since the mind was created by a concept, it is destroyed by a concept, just as fire generated by wind is also quelled by it.
The mind is bound by a notion 'I am not-Brahman', and when the firm notion or conviction arises in it, that 'All this is Brahman', it is freed.
One is bound by the thought 'I am a puny miserable creature with hands and feet'; one is liberated by the thought (with corresponding action) that 'I am not miserable, I am not the body; what binds whom?'
The firm conviction 'I am different from the body, I am the supreme being', destroys ignorance, and one is freed.
It is only the unawakened and unenlightened person who entertains notions of ignorance, not the enlightened.
Whatever the mind contemplates, that the senses pursue.
Hence, one should destroy pursuit of pleasure with all one's might.
It is only on account of mental conditioning that one feels "These are my sons, my wealth, and I am so and so,"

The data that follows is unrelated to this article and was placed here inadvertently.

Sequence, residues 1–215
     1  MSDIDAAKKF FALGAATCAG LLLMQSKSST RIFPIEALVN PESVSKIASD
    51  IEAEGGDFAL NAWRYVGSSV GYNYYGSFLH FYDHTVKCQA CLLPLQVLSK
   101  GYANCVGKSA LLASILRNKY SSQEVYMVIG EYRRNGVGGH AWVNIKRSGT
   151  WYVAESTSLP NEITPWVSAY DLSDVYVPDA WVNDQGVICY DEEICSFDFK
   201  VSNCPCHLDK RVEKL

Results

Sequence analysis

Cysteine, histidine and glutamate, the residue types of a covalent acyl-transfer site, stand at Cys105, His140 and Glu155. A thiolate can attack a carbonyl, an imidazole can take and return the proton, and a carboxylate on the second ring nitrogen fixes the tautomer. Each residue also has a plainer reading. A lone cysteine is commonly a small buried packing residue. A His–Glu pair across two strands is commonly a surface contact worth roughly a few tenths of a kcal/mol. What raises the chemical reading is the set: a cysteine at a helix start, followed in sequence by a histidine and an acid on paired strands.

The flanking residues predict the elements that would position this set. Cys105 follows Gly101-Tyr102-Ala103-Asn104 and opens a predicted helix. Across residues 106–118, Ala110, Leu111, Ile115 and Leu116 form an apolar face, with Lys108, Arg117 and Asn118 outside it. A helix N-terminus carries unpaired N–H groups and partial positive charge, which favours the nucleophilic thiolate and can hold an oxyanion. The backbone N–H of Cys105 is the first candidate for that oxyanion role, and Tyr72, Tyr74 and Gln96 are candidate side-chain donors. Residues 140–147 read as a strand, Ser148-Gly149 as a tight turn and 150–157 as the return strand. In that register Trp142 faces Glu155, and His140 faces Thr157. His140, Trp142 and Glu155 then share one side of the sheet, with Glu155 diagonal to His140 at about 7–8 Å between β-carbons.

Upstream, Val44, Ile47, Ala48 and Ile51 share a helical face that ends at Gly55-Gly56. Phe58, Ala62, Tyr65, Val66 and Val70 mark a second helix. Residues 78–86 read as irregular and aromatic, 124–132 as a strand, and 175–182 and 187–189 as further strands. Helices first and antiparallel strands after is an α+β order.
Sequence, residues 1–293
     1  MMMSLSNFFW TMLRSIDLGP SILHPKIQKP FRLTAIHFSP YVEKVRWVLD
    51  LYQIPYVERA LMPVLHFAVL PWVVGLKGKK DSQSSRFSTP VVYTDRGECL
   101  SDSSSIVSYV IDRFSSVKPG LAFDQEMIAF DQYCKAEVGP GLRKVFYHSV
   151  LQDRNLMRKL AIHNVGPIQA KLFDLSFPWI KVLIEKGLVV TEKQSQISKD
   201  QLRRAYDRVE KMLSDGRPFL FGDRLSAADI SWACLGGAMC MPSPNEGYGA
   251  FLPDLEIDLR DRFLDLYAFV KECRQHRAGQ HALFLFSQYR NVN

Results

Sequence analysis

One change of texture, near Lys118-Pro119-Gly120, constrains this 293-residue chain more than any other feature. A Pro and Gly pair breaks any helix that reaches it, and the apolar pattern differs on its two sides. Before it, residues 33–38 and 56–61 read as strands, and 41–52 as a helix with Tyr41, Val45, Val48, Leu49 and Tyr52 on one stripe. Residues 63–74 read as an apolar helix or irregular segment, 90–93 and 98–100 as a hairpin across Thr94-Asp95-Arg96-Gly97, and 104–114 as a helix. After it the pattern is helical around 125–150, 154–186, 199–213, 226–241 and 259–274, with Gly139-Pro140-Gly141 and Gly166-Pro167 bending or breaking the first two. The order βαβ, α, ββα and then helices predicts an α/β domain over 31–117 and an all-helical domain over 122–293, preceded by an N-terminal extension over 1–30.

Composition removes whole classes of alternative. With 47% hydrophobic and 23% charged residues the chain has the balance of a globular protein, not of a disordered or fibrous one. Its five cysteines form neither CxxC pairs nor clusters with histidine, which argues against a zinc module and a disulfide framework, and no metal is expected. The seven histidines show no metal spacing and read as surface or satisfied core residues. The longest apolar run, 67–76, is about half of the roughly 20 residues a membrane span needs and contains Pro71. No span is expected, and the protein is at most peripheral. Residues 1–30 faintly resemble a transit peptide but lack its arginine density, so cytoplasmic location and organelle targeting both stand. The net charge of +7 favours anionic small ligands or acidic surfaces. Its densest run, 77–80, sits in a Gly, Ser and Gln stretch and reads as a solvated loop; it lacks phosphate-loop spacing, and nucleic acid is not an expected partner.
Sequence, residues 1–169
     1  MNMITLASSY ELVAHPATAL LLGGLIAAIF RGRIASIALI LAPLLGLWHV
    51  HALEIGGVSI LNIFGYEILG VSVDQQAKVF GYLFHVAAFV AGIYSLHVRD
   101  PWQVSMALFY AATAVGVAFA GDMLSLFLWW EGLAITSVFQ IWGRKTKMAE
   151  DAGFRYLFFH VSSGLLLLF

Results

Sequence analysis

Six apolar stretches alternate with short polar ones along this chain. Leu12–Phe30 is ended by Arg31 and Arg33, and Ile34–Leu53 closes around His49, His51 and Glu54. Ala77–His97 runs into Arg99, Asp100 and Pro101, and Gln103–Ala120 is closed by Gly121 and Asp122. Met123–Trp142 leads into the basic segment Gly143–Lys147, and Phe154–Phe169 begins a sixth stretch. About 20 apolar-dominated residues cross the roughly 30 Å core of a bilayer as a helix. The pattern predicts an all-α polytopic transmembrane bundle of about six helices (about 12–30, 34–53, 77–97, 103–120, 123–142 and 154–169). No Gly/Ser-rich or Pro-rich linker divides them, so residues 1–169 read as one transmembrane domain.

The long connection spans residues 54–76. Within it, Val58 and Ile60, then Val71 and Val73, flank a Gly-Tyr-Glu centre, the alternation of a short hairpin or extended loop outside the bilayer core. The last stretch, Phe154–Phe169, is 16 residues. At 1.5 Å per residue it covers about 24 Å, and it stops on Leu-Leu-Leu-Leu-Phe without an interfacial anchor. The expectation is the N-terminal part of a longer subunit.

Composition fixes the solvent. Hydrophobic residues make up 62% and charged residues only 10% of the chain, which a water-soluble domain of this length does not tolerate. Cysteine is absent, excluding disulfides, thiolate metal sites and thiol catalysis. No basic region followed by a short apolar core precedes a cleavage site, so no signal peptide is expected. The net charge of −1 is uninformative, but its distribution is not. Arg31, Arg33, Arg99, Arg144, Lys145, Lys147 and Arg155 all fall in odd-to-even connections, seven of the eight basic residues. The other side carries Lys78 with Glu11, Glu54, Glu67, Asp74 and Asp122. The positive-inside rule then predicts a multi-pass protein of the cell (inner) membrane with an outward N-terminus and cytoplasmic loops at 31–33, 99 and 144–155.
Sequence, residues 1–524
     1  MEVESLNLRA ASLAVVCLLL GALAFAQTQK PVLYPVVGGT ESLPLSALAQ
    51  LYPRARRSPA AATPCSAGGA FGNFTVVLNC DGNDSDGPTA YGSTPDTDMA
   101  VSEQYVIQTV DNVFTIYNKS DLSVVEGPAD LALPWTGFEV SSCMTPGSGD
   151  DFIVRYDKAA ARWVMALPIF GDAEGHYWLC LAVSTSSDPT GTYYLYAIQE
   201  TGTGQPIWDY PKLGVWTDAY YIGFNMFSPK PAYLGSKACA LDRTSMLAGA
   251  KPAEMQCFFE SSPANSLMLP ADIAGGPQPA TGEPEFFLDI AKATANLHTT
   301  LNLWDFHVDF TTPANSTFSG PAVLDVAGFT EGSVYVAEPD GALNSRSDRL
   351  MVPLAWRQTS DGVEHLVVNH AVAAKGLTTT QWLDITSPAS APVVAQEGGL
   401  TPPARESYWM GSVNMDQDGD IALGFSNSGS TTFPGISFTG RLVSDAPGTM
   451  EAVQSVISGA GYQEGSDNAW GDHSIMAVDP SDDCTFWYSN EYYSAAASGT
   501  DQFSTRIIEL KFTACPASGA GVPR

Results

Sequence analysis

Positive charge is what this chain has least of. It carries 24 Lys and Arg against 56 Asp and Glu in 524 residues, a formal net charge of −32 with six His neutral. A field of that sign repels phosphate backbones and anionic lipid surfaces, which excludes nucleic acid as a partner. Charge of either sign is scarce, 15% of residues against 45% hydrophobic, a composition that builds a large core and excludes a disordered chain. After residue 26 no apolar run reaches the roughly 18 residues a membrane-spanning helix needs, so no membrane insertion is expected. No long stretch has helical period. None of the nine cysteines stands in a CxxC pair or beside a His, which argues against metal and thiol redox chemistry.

Be not deluded.
Be wise, and abandon such mental conditioning.
Why do you cry, as if you were ignorant, thinking that the non-self is the self?
How can this inert and dumb body be yours, O Rama?
It is because of this confusion that you think you experience pleasure and pain!
It is indeed a great wonder that the reality or Brahman is completely forgotten by the people who cling to the unreal.
Remain engaged in your activity O Rama, without infatuation or aversion, even as a crystal non-volitionally reflects objects.
The mind alone, being the doer of actions, experiences the fruits of such actions; not the body.
I shall give you an illustration which will make it dew.
A descendant of Hariscandra, known as Lavana, reflected thus:
"My grandfather performed a religious rite.
I am his descendant.
Let me perform the same rite mentally."
He gathered all the requisite articles, visualised the gods in front of him, and mentally kindled the sacred fire.
He concluded this rite in a year's time, but when he got up after the conclusion, the day was about to come to an end.
Mentally he performed the rite, and mentally he experienced its fruits.
Later, a magician appeared in the royal court of king Lavana.
He spread his magic over the king, as a result of which he suffered mentally for a considerable mental-time.